The two-term Irvington councilman and dentist has done his homework, visiting classrooms and meeting with administrators, teachers and parents. He contacted superintendents and educators from neighboring districts to learn how they resolve issues in their districts.
His first priority, along with board members Bob Smart and Patrick McCranie, was to shift to new school leadership by bringing former principal Sandy Spears out of retirement to serve as acting superintendent.
“Sandy Spears graciously consented to doing this out of the goodness of her heart. She is so respected and established in this school system, it immediately dissolved most of the tension between teachers and the central office,” said Smart.
“Morale went through the ceiling,” said Westbrook. “I got calls from teachers practically dancing in the halls, telling me how great things are now.”
Westbrook personally met with each county supervisor and re-established enough trust to persuade them to approve additional funding for the acting superintendent.
He and Spears swiftly assembled an agenda of priorities and mechanisms to achieve their objectives of repairing the system and moving education beyond state standards.
“Our goal is for Lancaster to get a reputation as one of the best school systems in the state,” he said.
While Spears is tackling the schools’ academic hurdles, Westbrook is breathing life into a number of volunteer programs. He revamped the special education committee to be parent-led and threw support behind a mentoring and tutoring group being organized by area churches. He welcomed a parent’s offer to organize public involvement in the superintendent selection processan idea rejected by the board three years ago. Board meetings were reorganized to include committee progress reports.
Special education’s first report sparked a visit to the middle school’s special needs classrooms by Westbrook and Spears where they witnessed inadequate facilities that forced teachers to transport soiled children down a long hallway in order to clean and change them.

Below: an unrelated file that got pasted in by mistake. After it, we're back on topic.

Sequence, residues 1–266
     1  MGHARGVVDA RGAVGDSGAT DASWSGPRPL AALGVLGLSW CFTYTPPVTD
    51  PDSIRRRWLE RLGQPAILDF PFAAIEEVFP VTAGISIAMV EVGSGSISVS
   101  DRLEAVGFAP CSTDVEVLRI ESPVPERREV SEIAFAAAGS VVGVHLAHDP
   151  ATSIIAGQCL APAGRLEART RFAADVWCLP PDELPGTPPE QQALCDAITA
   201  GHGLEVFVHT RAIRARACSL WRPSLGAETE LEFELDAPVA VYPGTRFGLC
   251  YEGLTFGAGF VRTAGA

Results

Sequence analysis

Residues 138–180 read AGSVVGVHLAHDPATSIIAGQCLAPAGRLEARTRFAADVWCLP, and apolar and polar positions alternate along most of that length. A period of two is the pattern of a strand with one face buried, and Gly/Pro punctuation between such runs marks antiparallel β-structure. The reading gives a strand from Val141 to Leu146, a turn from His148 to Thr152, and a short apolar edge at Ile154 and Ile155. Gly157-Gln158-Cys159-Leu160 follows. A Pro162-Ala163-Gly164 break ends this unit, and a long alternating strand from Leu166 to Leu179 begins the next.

The board agreed to top the list of capital improvement needs with a $30,000 request to expand the classroom and make it handicap equipped including shower facilities and natural sunlight, said Westbrook. If approved by supervisors, the additional shower will also benefit citizens since the middle school is the county’s main emergency shelter, he added.
Westbrook persuaded Jimmie Carter, president of Rappahannock General Hospital Foundation, to look at the feasibility and costs of bringing the alternative school back to the district rather than bus troubled kids to a five-county combined alternative school in Warsaw.
However, Westbrook’s desire to establish a program of African-American men mentoring black male students is not finding much support. Lloyd Hill, president of the local NAACP, noted the Boys and Girls Club of the Northern Neck already has such a program in place. However, Wardell Carter, Boys and Girls Club’s operations director, said they have trouble finding black men available during the late afternoon hours when the children are available. Currently only one black man is mentoring a child. All the other mentors are women or caucasian men.
Mentoring and tutoring
Westbrook believes a critical ingredient to academic success is community involvement by individuals, businesses and organizations. Church leaders from Campbell Memorial Presbyterian, Kilmarnock Baptist, Sharon Baptist, Calvary Baptist, Grace Episcopal and St. Andrews Presbyterian are onboard.
Last month’s joint meeting with school principals and administrators and Lancaster County Virginia Education Foundation (LCVEF) kicked off an effort for a mentoring and tutoring program.
According to committee leader, the Rev. Dr. Thomas Coye of St. Andrews Church, LCVEF is raising the funding to hire a part-time coordinator whose job will be to match volunteers to needs specific to each student.
While the plan is not finalized, tutoring could be divided between short-term and long-term needs during school hours. Mentoring might involve running an activity outside class that helps to socialize students.